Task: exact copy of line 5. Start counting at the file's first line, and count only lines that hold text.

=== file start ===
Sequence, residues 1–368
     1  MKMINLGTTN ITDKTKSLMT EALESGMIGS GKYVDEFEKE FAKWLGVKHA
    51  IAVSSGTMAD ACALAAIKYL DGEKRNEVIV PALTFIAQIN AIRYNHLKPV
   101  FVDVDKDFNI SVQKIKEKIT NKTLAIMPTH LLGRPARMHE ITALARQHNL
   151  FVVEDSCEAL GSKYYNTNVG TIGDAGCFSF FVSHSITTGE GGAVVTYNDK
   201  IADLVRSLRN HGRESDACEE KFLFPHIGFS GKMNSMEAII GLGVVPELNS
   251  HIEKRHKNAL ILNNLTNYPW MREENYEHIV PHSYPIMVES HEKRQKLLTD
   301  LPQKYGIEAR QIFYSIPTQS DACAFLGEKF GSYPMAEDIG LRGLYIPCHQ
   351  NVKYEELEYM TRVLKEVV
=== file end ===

   151  FVVEDSCEAL GSKYYNTNVG TIGDAGCFSF FVSHSITTGE GGAVVTYNDK